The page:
26

CVS(1)							   CVS(1)

       $CVSROOT/CVSROOT
	      Directory of global administrative files for repos­
	      itory.

       CVSROOT/commitinfo,v
	      Records  programs  for   filtering   `cvs   commit'
	      requests.

       CVSROOT/cvswrappers,v
	      Records cvs wrapper commands to be used when check­
	      ing files into and out of the repository.  Wrappers
	      allow  the file or directory to be processed on the
	      way in and out of CVS.  The intended uses are many,
	      one  possible  use  would  be  to reformat a C file
	      before the file is checked in, so all of	the  code
	      in the repository looks the same.

       CVSROOT/editinfo,v
	      Records	programs   for	 editing/validating  `cvs
	      commit' log entries.

       CVSROOT/history
	      Log file of cvs transactions.

       CVSROOT/loginfo,v
	      Records  programs  for  piping  `cvs  commit'   log
	      entries.

       CVSROOT/modules,v
	      Definitions for modules in this repository.

       CVSROOT/rcsinfo,v
	      Records  pathnames  to templates used during a `cvs
	      commit' operation.

       CVSROOT/taginfo,v
	      Records programs for validating/logging  `cvs  tag'
	      and `cvs rtag' operations.

       MODULE/Attic
	      Directory for removed source files.

       #cvs.lock
	      A  lock  directory created by cvs when doing sensi­
	      tive changes to the source repository.

       #cvs.tfl.pid
	      Temporary lock file for repository.

       #cvs.rfl.pid
	      A read lock.

       #cvs.wfl.pid
	      A write lock.

							       27

CVS(1)							   CVS(1)

ENVIRONMENT
       CVSROOT
	      Should contain the full pathname to the root of the
	      cvs  source  repository  (where  the  RCS files are
	      kept).  This information must be available  to  cvs
	      for  most  commands  to  execute; if CVSROOT is not
	      set, or if you wish to override it for one  invoca­
	      tion,  you  can supply it on the command line: `cvs
	      -d cvsroot cvs_command...' You may not need to  set
	      CVSROOT  if your cvs binary has the right path com­
	      piled in.

       CVSREAD
	      If this is set, checkout and update will	try  hard
	      to  make	the files in your working directory read-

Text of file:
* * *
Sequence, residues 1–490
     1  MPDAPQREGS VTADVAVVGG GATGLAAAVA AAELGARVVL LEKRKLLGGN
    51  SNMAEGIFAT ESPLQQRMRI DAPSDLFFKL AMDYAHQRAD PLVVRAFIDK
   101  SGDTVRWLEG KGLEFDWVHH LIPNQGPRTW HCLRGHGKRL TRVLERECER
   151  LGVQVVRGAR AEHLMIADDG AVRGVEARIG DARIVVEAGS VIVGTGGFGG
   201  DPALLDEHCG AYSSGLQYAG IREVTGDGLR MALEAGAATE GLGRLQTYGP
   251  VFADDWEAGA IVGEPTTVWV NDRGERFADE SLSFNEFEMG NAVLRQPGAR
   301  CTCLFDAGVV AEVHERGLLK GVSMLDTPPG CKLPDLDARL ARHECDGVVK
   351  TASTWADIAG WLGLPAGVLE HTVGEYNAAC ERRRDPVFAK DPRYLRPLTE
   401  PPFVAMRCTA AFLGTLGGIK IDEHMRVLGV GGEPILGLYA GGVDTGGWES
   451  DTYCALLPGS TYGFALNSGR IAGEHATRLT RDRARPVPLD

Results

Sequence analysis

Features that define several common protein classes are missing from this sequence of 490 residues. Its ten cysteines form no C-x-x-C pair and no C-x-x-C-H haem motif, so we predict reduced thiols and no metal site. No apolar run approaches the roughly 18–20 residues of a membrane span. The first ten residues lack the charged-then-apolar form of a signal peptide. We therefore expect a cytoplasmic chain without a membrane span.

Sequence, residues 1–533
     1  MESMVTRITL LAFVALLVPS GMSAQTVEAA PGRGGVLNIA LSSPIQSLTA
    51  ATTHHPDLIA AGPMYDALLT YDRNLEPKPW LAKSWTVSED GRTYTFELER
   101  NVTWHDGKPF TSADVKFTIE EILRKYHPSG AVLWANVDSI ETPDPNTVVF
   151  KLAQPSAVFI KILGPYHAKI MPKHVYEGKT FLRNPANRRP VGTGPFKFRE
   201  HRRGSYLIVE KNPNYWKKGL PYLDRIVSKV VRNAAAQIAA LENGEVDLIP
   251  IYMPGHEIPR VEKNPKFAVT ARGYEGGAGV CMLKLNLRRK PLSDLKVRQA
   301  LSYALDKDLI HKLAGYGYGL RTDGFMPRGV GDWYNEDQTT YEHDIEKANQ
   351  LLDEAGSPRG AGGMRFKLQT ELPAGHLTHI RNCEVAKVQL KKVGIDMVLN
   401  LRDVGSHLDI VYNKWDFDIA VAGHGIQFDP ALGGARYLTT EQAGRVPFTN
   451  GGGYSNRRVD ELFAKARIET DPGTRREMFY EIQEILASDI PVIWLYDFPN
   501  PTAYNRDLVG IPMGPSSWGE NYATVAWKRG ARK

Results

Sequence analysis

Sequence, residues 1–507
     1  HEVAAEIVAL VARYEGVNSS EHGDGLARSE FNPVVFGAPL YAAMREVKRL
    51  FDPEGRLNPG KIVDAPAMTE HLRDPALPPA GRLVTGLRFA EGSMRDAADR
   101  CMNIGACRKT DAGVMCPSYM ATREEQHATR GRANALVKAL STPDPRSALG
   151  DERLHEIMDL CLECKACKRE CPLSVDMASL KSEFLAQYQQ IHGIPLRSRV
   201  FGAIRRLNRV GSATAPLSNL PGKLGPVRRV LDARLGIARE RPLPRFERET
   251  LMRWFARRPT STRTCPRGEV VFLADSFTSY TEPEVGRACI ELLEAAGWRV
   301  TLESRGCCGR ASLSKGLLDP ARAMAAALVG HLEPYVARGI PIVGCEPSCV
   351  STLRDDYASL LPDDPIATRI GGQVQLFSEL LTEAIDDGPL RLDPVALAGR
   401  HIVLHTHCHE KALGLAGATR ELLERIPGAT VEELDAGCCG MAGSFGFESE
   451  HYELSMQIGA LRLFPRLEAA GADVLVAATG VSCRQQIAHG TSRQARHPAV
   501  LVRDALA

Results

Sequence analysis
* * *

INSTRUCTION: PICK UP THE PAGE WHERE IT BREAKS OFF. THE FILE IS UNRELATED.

only.  When this is not set, the	default  behavior
	      is to permit modification of your working files.

       CVSREADONLYFS
	      If  this	is set, the -R option is assumed, and cvs
	      operates in read-only repository mode.

       RCSBIN Specifies the full pathname where to find RCS  pro­
	      grams, such as co(1) and ci(1) (CVS 1.9 and older).

       CVSEDITOR
	      Specifies the program to use for recording log mes­
	      sages  during  commit.   If not set, the VISUAL and
	      EDITOR environment variables  are  tried	(in  that
	      order).	If  neither  is  set,  a system-dependent
	      default editor (e.g., vi) is used.

       CVS_IGNORE_REMOTE_ROOT
	      If this variable is set then cvs	will  ignore  all
	      references  to  remote repositories in the CVS/Root
	      file.

       CVS_OPTIONS
	      Specifies a set of default options for cvs.   These
	      options  are  interpreted  before  the startup file
	      (~/.cvsrc)  is  read  and  can  be  overridden   by
	      explicit command line parameters.

       CVS_RSH
	      cvs uses the contents of this variable to determine
	      the name of the remote shell command  to	use  when
	      starting a cvs server.  If this variable is not set
	      then `rsh' is used.

       CVS_SERVER
	      cvs uses the contents of this variable to determine
	      the  name of the cvs server command.  If this vari­
	      able is not set then `cvs' is used.

							       28

CVS(1)							   CVS(1)

       CVSWRAPPERS
	      This variable is used by the  `cvswrappers'  script
	      to determine the name of the wrapper file, in addi­
	      tion to the  wrappers  defaults  contained  in  the
	      repository  (CVSROOT/cvswrappers)  and  the  user's
	      home directory (~/.cvswrappers).

AUTHORS
       Dick Grune
	      Original author of the  cvs  shell  script  version
	      posted  to comp.sources.unix in the volume6 release
	      of December, 1986.  Credited with much of  the  cvs
	      conflict resolution algorithms.

       Brian Berliner
	      Coder  and  designer  of	the cvs program itself in
	      April, 1989, based on the  original  work  done  by
	      Dick.

       Jeff Polk
	      Helped  Brian with the design of the cvs module and
	      vendor branch support and author of the  checkin(1)
	      shell script (the ancestor of `cvs import').

       And many others too numerous to mention here.

SEE ALSO
       The  most  comprehensive manual for CVS is Version Manage­
       ment with CVS by Per Cederqvist et al.  Depending on  your
       system,	you  may be able to get it with the info cvs com­
       mand or	it  may  be  available	as  cvs.ps  (postscript),
       cvs.texinfo (texinfo source), or cvs.html.

       For  CVS updates, more information on documentation, soft­
       ware related to CVS, development of CVS, and more, see:
		 http://www.cyclic.com
		 http://www.loria.fr/~molli/cvs-index.html

       ci(1),	co(1),	 cvs(5),   cvsbug(8),  diff(1),  grep(1),
       patch(1), rcs(1), rcsdiff(1), rcsmerge(1), rlog(1).

							       29


NAME | SYNOPSIS | NOTE | DESCRIPTION | ESSENTIAL COMMANDS | OPTIONS | CVS OPTIONS | USAGE | CVS STARTUP FILE | CVS COMMAND SUMMARY | COMMON COMMAND OPTIONS | CVS COMMANDS | FILES | ENVIRONMENT | AUTHORS | SEE ALSO